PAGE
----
What dialysis did as regards the changing attitudes to patients: I remember clearly the business of sharing accommodation between males and females and we were having to defend ourselves to the matron. She was astonished that we had put a female patient with a male patient for dialysis. We said: ‘Do you want her to die or do you want her to live? It’s as simple as that.’ Dr Rosemarie Baillod, History of Dialysis in the UK: c. 1950-1980.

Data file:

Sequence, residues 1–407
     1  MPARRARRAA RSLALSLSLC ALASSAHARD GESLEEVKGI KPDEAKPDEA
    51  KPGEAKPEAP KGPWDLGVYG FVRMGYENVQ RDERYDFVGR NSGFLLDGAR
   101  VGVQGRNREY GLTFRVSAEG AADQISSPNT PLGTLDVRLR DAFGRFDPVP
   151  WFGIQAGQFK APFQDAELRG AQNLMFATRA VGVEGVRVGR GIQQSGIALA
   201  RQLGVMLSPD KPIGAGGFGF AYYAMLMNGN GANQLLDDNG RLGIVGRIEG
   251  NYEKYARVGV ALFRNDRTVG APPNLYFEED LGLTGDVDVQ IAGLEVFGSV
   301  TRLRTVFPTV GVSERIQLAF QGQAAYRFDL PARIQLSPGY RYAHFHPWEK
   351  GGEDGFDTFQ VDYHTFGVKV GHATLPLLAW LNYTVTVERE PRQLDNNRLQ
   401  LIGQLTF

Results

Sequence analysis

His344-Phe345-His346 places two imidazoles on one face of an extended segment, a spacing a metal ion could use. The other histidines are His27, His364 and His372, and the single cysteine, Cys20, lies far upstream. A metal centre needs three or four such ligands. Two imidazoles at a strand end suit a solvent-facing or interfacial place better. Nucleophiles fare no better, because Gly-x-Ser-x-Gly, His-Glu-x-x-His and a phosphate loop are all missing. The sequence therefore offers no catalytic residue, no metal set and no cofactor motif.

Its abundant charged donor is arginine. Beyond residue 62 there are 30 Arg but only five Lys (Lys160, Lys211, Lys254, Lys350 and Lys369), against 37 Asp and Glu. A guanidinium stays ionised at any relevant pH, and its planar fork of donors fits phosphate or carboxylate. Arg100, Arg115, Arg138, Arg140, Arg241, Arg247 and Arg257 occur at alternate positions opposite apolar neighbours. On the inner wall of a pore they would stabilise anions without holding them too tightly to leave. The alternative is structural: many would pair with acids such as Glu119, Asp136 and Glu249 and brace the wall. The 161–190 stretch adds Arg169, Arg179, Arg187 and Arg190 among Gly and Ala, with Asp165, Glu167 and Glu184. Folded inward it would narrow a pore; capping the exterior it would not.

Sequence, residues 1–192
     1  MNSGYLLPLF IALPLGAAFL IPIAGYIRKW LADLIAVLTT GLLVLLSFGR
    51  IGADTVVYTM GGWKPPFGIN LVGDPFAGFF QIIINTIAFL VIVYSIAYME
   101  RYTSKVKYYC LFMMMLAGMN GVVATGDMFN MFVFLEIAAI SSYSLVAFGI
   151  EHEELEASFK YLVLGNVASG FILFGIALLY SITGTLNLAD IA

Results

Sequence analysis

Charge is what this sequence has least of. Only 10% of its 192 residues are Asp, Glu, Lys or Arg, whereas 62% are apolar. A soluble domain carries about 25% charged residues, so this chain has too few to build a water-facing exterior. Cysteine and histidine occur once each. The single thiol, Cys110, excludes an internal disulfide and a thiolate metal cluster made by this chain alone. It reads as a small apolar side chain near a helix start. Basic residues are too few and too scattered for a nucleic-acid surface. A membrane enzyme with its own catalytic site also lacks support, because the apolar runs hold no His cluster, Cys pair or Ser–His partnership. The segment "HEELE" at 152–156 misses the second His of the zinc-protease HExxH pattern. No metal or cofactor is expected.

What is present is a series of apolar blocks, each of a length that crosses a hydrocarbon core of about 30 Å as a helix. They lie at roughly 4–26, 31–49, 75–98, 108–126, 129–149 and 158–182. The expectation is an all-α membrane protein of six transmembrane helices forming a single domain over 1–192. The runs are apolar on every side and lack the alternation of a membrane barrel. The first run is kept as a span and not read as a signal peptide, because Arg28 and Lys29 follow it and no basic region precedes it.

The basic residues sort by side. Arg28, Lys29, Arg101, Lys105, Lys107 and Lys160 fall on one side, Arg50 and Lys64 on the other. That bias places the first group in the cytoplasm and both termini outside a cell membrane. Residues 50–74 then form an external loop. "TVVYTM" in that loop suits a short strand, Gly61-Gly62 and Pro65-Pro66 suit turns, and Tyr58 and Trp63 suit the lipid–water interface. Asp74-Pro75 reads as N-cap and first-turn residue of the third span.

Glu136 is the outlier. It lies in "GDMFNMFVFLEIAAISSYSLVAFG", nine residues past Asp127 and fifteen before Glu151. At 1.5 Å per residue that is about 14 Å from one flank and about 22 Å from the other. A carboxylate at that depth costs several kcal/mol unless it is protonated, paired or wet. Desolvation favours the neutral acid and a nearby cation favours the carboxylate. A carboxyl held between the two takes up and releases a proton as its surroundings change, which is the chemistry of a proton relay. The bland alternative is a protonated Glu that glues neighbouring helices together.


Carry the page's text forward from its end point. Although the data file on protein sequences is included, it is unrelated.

Dr Rosemarie Baillod LRCP MRCS (b. 1936) qualified at the Royal Free Medical School in 1961 and worked in the renal unit there (1964–98). Under the direction of Dr Stanley Shaldon in 1964, she taught the first home haemodialysis patient in the UK and Europe. She was involved in safety, design and efficiency of dialysis equipment and access surgery, oversaw the expansion of home haemodialysis and initiated a children’s home haemodialysis programme in 1969. She was also involved in the development of peritoneal dialysis in the home, setting up intermittent peritoneal dialysis in 1972 and later continuous ambulatory peritoneal dialysis in 1979. She has been emeritus consultant, Royal Free Hospital and emeritus honorary consultant, Great Ormond Street Hospital since 1998.